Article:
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  • Letter
  • Open Access

Heart rate variability analysis and weaning from mechanical ventilation: lessons from exercise physiology

Critical Care201418:426

  • Published:


  • Mechanical Ventilation
  • Respiratory Rate
  • Heart Rate Variability
  • Spectral Density
  • Power Spectral Density

In the previous issue of Critical Care, I read with interest the article by Huang and colleagues, who suggested that heart rate variability (HRV) changes might predict the success of ventilator weaning [1]. Although this perspective is attractive, a methodological issue must be highlighted.

The fast Fourier transform, as used by the authors to assess HRV, produces a spectrogram of power spectral density characterized by two peaks of variability - low frequency and high frequency (HF) - the latter of which is centered at the respiratory rate [2, 3]. The recommendation of the Task Force [4] to use the range of 0.15 to 0.4 Hz (9 to 24 respirations per minute) to compute HRV in the HF band assumes that this range will include the respiratory rate, which is true in most clinical situations. However, in more extreme conditions, like heavy exercise, the actual respiratory rate may be out of this range, and therefore most studies on HRV during exercise used a range from 0.1 to 0.8 (or even 1) Hz to compute HRV in HF [5, 6]. Likewise, patients undergoing weaning from mechanical ventilation can be tachypneic; the authors used a respiratory rate as high as 35 respirations per minute as a criterion for a failed spontaneous breathing trial (SBT), and such respiratory rates are obviously outside the range (0.15 to 0.4 Hz) chosen to compute HF HRV. We suggest that, in patients failing an SBT or extubation, respiratory rate may increase and shift the HF peak of HRV toward the right of the spectrogram, above 0.4 Hz, mistakenly decreasing the HF HRV if computed in the range of 0.15 to 0.4 Hz. This might account for the lack of difference in HF HRV between successful/failed weaning, while a difference in total power was observed. I believe that future studies should take this methodological issue into consideration.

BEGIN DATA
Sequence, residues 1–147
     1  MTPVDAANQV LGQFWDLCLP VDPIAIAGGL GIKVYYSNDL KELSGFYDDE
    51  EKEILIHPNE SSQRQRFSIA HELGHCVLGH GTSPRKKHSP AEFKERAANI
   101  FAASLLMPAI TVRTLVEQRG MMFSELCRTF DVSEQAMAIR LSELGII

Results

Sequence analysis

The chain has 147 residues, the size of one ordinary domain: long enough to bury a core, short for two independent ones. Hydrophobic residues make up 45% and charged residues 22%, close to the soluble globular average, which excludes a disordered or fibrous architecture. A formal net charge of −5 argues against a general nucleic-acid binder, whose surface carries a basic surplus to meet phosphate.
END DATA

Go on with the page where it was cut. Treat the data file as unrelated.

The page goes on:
High frequency


Heart rate variability


Spontaneous breathing trial.


Authors’ Affiliations

Division of Pulmonary and Critical Care Medicine, Hershey, Penn State Milton S Hershey Medical Center, 500 University Drive, PA 17033, USA


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© BioMed Central Ltd. 2014